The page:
Colorado Supreme Court Ends 'Quiet Skies' Legal Battle | Aero-News Network
Aero-News Network
RSS icon RSS feed
podcast icon MP3 podcast
Subscribe Aero-News e-mail Newsletter Subscribe

Airborne Unlimited -- Recent Daily Episodes

Episode Date

Airborne Unlimited-

Airborne-Unmanned w/AUVSI-

Airborne Unlimited-

AMA Drone Report-

Airborne Unlimited-

Airborne On ANN

Airborne 06.18.18

Airborne-UnManned 06.19.18

Airborne 06.13.18

AMA Drone Report 06.14.18

Airborne 06.15.18


Airborne 06.18.18

Airborne-UnManned 06.19.18

Airborne 06.13.18

AMA Drone Report 06.14.18

Airborne 06.15.18

Thu, Oct 05, 2017

Colorado Supreme Court Ends 'Quiet Skies' Legal Battle

Declines To Hear The Case Brought Against Mile-Hi Skydiving

The long legal battle fought by "Citizens for Quiet Skies" against Mile-Hi Skydiving in Longmont, Colorado has finally run its course. The Colorado Supreme Court has declined to review the case, which has was first filed in 2013.

The "Citizens for Quiet Skies" is a small group of local residents who complained about the noise from the airplane used by Mile-Hi Skydiving. They said that the planes did not follow federal and local noise abatement procedures in the conduct of its normal business, and sued the company and its owner, Frank Casares, in October, 2013,

The Longmont Times-Call newspaper reports that the first legal defeat for "Citizens for Quiet Skies" came in May 2015, when Boulder District Court Judge Judith LaBuda ruled that Mile-Hi Skydiving had followed the rules and was in compliance with all local and federal regulations. She awarded $120,000 in damages and legal fees to Casares.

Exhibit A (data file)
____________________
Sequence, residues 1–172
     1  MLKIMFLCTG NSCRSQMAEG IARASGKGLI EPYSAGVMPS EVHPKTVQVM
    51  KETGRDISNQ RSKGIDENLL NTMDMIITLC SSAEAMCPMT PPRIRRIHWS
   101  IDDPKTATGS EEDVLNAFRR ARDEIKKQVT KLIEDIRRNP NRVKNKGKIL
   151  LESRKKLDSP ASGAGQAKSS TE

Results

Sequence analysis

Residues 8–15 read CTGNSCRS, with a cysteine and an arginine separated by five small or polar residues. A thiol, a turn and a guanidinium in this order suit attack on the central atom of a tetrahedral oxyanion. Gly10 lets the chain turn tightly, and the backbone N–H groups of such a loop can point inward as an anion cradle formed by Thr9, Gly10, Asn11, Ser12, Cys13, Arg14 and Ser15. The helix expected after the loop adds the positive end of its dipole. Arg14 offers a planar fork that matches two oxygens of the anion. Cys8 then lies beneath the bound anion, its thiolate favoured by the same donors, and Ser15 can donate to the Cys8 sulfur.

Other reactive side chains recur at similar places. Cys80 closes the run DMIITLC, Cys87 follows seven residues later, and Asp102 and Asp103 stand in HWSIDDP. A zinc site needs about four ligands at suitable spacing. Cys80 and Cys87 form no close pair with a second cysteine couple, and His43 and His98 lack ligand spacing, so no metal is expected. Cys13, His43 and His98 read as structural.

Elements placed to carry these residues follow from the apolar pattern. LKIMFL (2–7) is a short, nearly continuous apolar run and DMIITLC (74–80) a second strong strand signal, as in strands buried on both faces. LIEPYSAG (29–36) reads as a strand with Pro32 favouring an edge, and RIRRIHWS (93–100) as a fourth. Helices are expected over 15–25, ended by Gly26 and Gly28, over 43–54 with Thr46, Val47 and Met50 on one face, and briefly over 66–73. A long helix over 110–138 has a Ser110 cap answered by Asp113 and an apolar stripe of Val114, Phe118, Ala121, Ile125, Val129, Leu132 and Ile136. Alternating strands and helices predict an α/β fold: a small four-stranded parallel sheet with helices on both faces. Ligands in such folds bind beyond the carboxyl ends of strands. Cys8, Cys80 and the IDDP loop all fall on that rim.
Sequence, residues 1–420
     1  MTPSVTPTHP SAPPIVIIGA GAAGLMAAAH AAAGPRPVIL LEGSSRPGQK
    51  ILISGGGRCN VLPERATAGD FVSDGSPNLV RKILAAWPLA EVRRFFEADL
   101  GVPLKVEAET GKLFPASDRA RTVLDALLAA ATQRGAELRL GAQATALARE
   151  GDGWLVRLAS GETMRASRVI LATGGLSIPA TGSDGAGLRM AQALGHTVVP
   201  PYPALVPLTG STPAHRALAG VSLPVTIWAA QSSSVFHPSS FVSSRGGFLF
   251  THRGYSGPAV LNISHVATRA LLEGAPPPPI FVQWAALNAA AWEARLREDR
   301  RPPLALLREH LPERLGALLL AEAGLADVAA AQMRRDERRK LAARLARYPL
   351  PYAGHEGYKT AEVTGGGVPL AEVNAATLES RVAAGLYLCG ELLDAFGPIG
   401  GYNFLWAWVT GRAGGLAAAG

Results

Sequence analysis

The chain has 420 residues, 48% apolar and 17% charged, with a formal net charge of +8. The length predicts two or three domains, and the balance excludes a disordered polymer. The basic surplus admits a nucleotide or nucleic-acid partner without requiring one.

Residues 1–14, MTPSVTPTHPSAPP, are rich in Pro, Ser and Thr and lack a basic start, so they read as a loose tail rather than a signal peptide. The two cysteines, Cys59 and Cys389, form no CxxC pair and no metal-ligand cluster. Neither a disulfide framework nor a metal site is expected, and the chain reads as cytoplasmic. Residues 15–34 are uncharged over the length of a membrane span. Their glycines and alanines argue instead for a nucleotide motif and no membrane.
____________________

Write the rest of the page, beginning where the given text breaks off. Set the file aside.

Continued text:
But the group continued to fight the case. At the Colorado Court of Appeals, they said that Judge LaBuda's ruling was "very vindictive and unreasonable." That court also sided with Casares, so Kimberly Gibbs, who was spearheading the effort with her husband and a handful of others, appealed to the Colorado Supreme Court. That court declined to hear the case without comment.

Gibbs, who claims her supporters number "in the hundreds", said that the appeal to the state supreme court was in line with her commitment to see the case through to a conclusion. She said that the group will not disband, but will continue to lobby elected officials at the local and federal level in an effort to change national aviation laws and give local communities more control over GA airports.

FMI: Original Report


More News

Airborne 06.15.18: 100LL Replacement Held, B-1 Stand-Down, Missing USAF Officer

Also: Sichuan Airlines Pilot Feted, Emirates Parks 20 Birds, Air Paris Academy Orders Tecnams, Two A380s Scrapped The FAA continues to be committed to evaluating suitable replaceme>[...]

ANNouncement: Now Accepting Applications For Oshkosh 2018 Stringers!!!

An Amazing Experience Awaits The Chosen Few... E-I-C Note: There's very little we can say yet, but there is a reason why this may be THE year to throw in with ANN to cover the extr>[...]

It's On--Again! EAA/ANN Announce 2018 AirVenture Innovation Preview!

Stunningly Successful Innovation Program Draws Hundreds of Thousands of Eyeballs to ‘All Things AirVenture’ E-I-C Note: We're tremendously excited to work with EAA agai>[...]

Aero-News AirVenture Update: This Is So Cool! #OSH18COOL

We Need YOUR Help To Find AND Celebrate The Coolest Stuff At EAA AirVenture 2018, #OSH18COOL Stuff that’s new is cool… we get it… that’s why we’re b>[...]

AMA Drone Report 06.14.18: AMA Expo W Drone Races, Ag v Drones, Kitty Hawk Flyer

Also: Drone Rotor Safety System, Birds Inspire Drone Design, UAVs Stop Crime, Fat Shark 101 As previously noted, the upcoming AMA Expo West Tradeshow not only starts early, but in >[...]

blog comments powered by Disqus





© 2007 - 2018 Web Development & Design by Pauli Systems, LC